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Re-birth and renovation

By budapestbill      
Moorish-style minarets flanking the entrance to the Great Synagogue. The towers symbolize the two columns of Solomon's Temple. Onion-shaped domes adorn the twin towers which stands at a height of 43 metres.

Situated in Dohány Street, Budapest. (Dohány means tobacco in Hungarian).

Dohány street itself, is a leafy street in the city centre, and carries strong Holocaust connotations as it constituted the border of the Budapest Ghetto.

Jews were banned from the city in the 18th century so they established a Jewish quarter just outside the old city boundary. Remains of the old Pest city walls run on the opposite side of the road.

The original synagogue was bombed by the pro-Nazi Arrow Cross Party on 3 February 1939. Used as a base for German Radio and also as a stable during World War II, the building suffered some severe damage from aerial raids during the Nazi Occupation but especially during the Siege of Budapest. During the Communist era the damaged structure became again a prayer house for the much-diminished Jewish community.

The Great Synagogue, also known as Dohány Street Synagogue (Hungarian: Dohány utcai zsinagóga/nagy zsinagóga, Hebrew: בית הכנסת הגדול של בודפשט‎ bet hakneset hagadol šel budapešt) or Tabakgasse Synagogue, is located in Erzsébetváros, the 7th district of Budapest. It is the largest synagogue in Eurasia and the second largest in the world, after the Temple Emanu-El in New York City. It seats 3,000 people and is a centre of Neolog Judaism.

The synagogue is 75m long and 27m wide, and was built between 1854 and 1859 in the Moorish Revival style, with the decoration based chiefly on Islamic models from North Africa and medieval Spain (the Alhambra). The synagogue's Viennese architect, Christian Friedrich Ludwig Förster, believed that no distinctively Jewish architecture could be identified, and thus chose "architectural forms that have been used by oriental ethnic groups that are related to the Israelite people, and in particular the Arabs." The interior design is partly by Frigyes Feszl.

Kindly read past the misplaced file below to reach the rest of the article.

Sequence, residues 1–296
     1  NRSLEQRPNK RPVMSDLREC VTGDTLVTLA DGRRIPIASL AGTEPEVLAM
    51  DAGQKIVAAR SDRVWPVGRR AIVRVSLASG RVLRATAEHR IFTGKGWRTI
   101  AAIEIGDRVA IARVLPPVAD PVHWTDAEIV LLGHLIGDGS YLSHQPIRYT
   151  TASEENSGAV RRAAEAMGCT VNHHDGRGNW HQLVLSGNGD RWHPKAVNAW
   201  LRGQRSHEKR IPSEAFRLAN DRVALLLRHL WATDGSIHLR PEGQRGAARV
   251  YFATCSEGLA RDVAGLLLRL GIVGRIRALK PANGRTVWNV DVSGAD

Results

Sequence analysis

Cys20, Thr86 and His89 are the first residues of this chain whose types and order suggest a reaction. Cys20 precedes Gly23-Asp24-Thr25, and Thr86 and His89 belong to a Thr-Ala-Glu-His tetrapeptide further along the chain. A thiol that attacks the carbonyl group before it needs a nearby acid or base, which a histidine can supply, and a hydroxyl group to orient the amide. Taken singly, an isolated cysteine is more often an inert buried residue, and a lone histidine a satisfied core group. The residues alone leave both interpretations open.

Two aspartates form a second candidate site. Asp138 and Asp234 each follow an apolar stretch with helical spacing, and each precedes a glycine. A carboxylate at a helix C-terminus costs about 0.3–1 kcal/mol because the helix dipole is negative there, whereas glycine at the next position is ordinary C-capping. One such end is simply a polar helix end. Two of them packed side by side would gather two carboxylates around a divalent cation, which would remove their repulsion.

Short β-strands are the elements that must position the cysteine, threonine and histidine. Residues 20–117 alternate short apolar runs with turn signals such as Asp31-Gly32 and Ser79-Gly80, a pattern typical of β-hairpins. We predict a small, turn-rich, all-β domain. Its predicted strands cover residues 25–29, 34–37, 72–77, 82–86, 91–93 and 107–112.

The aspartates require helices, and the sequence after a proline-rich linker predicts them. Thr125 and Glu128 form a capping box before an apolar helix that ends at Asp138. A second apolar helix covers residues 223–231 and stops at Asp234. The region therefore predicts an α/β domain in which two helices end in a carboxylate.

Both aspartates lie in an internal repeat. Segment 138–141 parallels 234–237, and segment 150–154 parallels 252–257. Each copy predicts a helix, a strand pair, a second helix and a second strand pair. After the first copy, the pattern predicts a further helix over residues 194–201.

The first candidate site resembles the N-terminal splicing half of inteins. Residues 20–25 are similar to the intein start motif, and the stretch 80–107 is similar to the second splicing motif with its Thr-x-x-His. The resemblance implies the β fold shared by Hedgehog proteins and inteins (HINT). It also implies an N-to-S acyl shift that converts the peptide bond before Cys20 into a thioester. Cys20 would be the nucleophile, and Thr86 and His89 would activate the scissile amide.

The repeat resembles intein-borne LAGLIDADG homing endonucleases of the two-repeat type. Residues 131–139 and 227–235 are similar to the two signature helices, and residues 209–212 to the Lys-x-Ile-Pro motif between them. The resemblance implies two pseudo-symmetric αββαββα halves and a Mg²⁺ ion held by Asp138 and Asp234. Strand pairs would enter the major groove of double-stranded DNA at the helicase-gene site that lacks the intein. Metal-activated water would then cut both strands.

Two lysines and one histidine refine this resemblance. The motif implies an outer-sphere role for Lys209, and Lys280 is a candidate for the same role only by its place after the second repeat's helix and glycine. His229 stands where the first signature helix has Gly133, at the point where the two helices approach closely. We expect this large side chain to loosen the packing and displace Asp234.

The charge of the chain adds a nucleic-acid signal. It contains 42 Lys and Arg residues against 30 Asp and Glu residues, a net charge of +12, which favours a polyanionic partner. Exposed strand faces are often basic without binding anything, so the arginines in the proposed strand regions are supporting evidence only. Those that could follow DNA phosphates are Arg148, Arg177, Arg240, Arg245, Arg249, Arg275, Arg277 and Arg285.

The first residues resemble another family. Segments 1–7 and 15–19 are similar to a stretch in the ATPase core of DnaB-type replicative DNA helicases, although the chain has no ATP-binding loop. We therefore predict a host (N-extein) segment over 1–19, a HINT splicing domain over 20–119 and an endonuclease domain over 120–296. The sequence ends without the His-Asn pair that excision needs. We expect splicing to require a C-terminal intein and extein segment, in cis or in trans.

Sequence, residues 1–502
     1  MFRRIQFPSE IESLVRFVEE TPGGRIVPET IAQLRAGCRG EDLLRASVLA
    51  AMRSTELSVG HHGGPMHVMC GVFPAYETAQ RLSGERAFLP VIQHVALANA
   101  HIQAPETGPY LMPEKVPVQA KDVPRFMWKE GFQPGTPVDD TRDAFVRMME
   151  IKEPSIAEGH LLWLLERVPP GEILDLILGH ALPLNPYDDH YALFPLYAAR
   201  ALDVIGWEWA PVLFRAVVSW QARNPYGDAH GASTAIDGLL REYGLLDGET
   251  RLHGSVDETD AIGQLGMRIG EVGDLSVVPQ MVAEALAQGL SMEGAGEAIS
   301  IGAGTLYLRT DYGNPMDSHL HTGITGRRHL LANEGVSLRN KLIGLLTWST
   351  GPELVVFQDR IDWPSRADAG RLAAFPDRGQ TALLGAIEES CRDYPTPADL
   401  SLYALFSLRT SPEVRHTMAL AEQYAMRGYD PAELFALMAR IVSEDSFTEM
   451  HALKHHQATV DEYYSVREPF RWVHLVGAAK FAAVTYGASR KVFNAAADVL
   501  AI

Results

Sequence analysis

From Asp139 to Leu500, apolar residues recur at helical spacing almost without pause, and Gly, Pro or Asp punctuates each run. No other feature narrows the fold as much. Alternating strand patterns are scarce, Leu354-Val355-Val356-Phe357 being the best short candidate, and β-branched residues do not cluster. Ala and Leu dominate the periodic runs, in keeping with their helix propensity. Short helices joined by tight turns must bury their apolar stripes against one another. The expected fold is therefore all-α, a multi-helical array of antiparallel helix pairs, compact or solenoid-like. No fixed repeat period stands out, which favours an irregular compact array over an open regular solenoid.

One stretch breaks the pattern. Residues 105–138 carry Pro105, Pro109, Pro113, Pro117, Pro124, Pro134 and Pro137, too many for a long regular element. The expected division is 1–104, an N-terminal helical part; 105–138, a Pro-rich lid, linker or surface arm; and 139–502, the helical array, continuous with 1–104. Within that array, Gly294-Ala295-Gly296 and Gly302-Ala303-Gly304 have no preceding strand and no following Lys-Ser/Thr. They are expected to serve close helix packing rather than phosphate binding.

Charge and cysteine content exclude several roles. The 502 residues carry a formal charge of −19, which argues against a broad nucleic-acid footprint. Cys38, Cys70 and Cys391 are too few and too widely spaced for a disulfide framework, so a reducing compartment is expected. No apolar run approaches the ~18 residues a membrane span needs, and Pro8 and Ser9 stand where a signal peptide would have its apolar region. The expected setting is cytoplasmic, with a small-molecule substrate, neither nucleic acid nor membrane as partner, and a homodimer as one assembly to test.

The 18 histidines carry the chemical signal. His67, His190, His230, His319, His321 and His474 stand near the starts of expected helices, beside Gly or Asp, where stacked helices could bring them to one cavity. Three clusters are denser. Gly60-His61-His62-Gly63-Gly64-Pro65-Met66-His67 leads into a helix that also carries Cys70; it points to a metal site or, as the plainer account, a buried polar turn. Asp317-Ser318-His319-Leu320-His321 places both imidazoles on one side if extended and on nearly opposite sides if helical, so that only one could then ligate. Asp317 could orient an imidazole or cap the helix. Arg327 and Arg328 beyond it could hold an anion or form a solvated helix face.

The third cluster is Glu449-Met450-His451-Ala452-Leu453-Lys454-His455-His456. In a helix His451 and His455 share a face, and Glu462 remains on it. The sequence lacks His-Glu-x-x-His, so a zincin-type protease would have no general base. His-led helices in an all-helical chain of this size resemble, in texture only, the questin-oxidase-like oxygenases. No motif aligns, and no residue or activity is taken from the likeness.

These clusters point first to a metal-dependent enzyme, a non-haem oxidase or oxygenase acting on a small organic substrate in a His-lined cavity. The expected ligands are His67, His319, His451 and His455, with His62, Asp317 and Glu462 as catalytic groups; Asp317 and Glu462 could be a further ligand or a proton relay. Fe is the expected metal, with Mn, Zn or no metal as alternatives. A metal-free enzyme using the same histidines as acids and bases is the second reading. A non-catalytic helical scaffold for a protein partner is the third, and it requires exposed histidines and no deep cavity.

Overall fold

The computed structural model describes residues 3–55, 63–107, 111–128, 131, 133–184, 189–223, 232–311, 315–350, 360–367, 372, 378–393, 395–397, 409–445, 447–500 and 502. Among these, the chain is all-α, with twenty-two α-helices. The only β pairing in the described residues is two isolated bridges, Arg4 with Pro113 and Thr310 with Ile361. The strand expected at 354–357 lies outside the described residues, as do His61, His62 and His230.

Theodore Herzl's house of birth was next to the Dohány street Synagogue. In the place of his house stands the Jewish Museum, which holds the Jewish Religious and Historical Collection, built in 1930 in accordance with the synagogue's architectural style and attached in 1931 to the main building.

The spacious interior has equally rich decorations. A single-span cast iron supports the 12-m wide nave. The seats on the ground-floor are for men, while the upper gallery has seats for women. Surprisingly the synagogue has an organ, though this instrument is used in Christian churches. The temple's acoustic make it a popular venue for concerts.

Budapest great synagogue has witnessed tragic events in WW II. The Germans established a ghetto for the Jews in 1944 that served as a gathering place for deportation. Many people found refuge in the Dohány utca synagogue but thousands died during the bleak winter of 1944/45. Their bodies are buried in the courtyard.

In the cobbled Raoul Wallenberg (Swedish diplomat who saved many Jews during WW II) park stands the Holocaust Memorial by Imre Varga. It was erected in 1989 above the mass graves in the honour and memory of Hungarian Jewish martyrs. On each leave of the metal weeping willow tree you can read a name of a martyr. You can also see a piece of brick from the original ghetto wall in the garden.

Behind the main building stands the Heroes' Temple that was built in 1929-31 to commemorate the Jews who died in the First World War.

The recently restored Great Synagogue was funded partly by a foundation set up by Tony Curtis who has Hungarian roots, the Hungarian state, and by private donations, due largely to a US$ 5 million donation from Hungarian Jewish immigrant Estée Lauder.

It was only in the 1990s, following the return to democracy in Hungary, that renovations could begin. A three-year program of reconstruction began in 1991 and was completed in 1996, and was re-inaugurated in the presence of famous Jews such as Yitzhak Rabin.

The adjacent Jewish Museum (on the left of the synagogue) has a Holocaust memorial room and displays about the Jewish culture.

Taken in March 2006.

Tags: Photo journalism Architecture Landscape and travel

Voters: martinjp,

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